I confess. I have a leisure time activity, a favorite hobby. I love to explore the unique, the quaint, the curious in my new hometown. Two absolutely delightful lunches at the University Club of Phoenix inspired me to share this captivating restaurant with my neighbors and literary friends here in the Valley of the Sun. Dining here reminds one of the Orient Express somehow, without the train, of course.
The recent popular film Sully was based on Capt. Sullenberger’s account of his ordeal, a memoir of the 2009 aircraft mishap known as the Miracle on the Hudson. His reason for writing it was truth. There was a threat that truth would be overcome by industrial propaganda. And, so his version has been preserved. This is only one good reason to write a memoir.
The stories told in oral tradition and memoirs were cultural adhesives long before the average person could read or write. Today we are fortunate to be able to capture our memoirs in various formats that can be preserved and interpreted easily. Various media can be used to preserve and protect the truth of our experiences and pass those truths along to the next generation. There is no need to be in a specific place at a specific time to absorb the memory, we can tune in from anywhere and at anytime. This ability is becoming ever more important as we are deluged with more data in the past 50 years than at any time in history. Yet, the raw data is ever less helpful to making decisions.
Family history just isn’t complete without describing meaningful occasions. Most of us use photo albums, but a memoir of the event preserves a highly personal description capturing elements that perhaps won’t be remembered by those thumbing through albums in future years. Despite “gratitude” expressed at every departure and arrival these days, not so many U.S. families service careers. We celebrated a young man beginning military service recently and this memoir is my attempt to capture the experience.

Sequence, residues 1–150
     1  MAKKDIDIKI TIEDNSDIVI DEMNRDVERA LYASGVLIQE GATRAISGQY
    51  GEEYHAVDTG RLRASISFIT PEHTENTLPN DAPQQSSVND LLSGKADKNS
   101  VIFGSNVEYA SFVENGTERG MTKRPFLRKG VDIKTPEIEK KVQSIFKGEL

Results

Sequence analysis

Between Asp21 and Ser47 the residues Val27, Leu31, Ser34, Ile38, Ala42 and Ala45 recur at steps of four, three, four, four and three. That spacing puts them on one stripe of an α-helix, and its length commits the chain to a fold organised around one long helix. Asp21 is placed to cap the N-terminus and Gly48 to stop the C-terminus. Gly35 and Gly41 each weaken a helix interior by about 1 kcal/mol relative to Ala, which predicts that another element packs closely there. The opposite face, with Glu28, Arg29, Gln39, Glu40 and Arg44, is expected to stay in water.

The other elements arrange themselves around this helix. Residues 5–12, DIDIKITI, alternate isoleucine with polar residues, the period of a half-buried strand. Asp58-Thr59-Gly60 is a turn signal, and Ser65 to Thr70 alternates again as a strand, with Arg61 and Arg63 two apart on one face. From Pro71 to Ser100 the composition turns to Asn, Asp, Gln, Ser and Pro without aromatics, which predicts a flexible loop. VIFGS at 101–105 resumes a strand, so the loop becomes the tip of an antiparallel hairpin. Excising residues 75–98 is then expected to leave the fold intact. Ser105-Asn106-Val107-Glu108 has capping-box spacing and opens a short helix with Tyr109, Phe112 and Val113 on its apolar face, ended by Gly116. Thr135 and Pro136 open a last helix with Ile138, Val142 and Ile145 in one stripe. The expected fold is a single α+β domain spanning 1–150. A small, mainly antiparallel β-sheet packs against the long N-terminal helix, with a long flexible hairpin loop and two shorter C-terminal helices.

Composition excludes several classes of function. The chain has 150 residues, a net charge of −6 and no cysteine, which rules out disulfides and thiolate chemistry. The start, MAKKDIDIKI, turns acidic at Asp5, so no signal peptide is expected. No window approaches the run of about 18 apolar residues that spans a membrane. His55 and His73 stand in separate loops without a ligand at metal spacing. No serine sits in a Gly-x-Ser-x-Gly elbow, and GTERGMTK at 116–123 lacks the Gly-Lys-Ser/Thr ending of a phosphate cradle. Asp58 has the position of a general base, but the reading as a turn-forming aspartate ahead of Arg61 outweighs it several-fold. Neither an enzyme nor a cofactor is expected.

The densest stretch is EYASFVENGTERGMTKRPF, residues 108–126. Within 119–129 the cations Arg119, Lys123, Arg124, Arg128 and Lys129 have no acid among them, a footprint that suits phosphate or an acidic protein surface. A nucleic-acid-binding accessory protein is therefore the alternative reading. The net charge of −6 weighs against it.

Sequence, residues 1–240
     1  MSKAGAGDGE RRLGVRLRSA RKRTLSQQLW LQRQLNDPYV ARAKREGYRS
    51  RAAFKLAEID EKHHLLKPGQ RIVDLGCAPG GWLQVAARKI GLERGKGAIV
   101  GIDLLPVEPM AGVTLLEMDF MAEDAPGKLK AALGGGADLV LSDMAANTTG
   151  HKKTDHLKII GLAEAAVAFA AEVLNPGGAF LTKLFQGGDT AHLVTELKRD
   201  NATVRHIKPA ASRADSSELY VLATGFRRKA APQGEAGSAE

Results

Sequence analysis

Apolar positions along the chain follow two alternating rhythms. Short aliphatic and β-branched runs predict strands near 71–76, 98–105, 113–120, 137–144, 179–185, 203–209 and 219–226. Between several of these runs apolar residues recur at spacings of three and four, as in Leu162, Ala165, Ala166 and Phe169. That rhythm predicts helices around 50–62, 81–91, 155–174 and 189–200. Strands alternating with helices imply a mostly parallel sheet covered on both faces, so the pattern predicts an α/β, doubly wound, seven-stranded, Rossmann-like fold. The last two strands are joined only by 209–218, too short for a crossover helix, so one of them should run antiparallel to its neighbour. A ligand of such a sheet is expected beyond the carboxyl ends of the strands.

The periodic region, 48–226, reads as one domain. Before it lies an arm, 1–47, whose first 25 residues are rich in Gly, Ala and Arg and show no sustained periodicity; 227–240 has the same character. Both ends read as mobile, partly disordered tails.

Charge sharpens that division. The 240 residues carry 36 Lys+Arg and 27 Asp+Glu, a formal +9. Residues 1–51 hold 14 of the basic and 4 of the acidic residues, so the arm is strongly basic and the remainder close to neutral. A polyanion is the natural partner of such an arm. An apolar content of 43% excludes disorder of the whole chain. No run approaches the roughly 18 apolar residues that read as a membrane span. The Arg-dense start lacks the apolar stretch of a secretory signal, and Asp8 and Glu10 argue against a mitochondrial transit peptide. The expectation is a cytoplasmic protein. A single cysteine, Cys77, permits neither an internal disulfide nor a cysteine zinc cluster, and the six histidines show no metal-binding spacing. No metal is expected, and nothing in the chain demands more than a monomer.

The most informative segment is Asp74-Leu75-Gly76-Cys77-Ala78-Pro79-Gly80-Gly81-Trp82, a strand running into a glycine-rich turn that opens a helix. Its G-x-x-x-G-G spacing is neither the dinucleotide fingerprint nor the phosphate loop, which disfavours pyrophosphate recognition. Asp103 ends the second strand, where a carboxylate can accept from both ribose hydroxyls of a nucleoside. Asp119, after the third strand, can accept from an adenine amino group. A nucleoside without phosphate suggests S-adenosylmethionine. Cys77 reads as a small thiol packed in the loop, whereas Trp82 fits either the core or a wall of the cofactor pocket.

Full-time caregivers deserve a medal and may well qualify for sainthood (mostly) but not for benefits. If accepted workplace standards for health and welfare were applied, most would be due a vacation. They are for the most part unpaid, whether volunteers or not. Chances are pretty good that they won’t get that vacation.
We’ve discovered an emerging trend, an aging in place alternative to those elegant and expensive 55+ active adult resort style communities springing up across the country. Those are, of course, a uniquely capitalistic (sometimes nonprofit) approach to the changing needs of aging but active residents with adequate resources.
Would it surprise you to learn there are other approaches to the problem? We looked for alternatives to the notion that once of a certain age one must go somewhere else or be someone else. Instead of evacuating and leaving homes they have known for years, some seniors advocate for making local changes that will accommodate their needs as well as allow for continued healthy interaction with family, friends and resources. And some communities are listening.